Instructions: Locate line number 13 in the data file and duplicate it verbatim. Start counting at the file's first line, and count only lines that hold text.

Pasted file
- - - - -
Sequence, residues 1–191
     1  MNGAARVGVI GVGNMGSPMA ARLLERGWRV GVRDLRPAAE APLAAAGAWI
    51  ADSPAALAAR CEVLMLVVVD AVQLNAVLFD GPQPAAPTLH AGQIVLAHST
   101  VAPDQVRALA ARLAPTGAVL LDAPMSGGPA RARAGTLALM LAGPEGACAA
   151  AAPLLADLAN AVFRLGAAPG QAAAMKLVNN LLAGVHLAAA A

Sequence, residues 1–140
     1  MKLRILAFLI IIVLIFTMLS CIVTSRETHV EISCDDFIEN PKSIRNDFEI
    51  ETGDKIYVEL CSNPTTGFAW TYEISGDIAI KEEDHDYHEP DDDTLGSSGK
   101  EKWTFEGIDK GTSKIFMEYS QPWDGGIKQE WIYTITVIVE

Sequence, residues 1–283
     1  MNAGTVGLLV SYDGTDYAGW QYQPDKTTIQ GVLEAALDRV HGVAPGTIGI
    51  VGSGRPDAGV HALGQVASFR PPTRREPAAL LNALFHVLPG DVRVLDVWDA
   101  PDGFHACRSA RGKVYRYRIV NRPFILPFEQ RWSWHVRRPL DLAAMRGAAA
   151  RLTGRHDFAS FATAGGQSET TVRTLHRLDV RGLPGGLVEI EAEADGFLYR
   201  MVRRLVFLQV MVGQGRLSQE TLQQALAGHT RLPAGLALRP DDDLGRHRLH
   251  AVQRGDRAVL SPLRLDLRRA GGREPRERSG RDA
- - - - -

   101  PDGFHACRSA RGKVYRYRIV NRPFILPFEQ RWSWHVRRPL DLAAMRGAAA